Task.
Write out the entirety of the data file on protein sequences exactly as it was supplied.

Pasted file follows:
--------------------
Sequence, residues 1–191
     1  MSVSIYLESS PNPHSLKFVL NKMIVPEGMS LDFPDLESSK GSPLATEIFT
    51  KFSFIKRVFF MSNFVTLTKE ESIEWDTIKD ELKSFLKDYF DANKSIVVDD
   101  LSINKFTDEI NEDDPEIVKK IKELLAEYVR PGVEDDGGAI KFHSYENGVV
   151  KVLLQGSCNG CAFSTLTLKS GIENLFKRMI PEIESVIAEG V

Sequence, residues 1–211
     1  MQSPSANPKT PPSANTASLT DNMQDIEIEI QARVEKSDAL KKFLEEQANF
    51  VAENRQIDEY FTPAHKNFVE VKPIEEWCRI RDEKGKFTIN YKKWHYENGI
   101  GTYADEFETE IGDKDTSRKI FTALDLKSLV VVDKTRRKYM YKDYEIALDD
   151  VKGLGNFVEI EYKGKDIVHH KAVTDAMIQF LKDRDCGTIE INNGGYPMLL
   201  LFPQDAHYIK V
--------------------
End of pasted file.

Sequence, residues 1–191
     1  MSVSIYLESS PNPHSLKFVL NKMIVPEGMS LDFPDLESSK GSPLATEIFT
    51  KFSFIKRVFF MSNFVTLTKE ESIEWDTIKD ELKSFLKDYF DANKSIVVDD
   101  LSINKFTDEI NEDDPEIVKK IKELLAEYVR PGVEDDGGAI KFHSYENGVV
   151  KVLLQGSCNG CAFSTLTLKS GIENLFKRMI PEIESVIAEG V

Sequence, residues 1–211
     1  MQSPSANPKT PPSANTASLT DNMQDIEIEI QARVEKSDAL KKFLEEQANF
    51  VAENRQIDEY FTPAHKNFVE VKPIEEWCRI RDEKGKFTIN YKKWHYENGI
   101  GTYADEFETE IGDKDTSRKI FTALDLKSLV VVDKTRRKYM YKDYEIALDD
   151  VKGLGNFVEI EYKGKDIVHH KAVTDAMIQF LKDRDCGTIE INNGGYPMLL
   201  LFPQDAHYIK V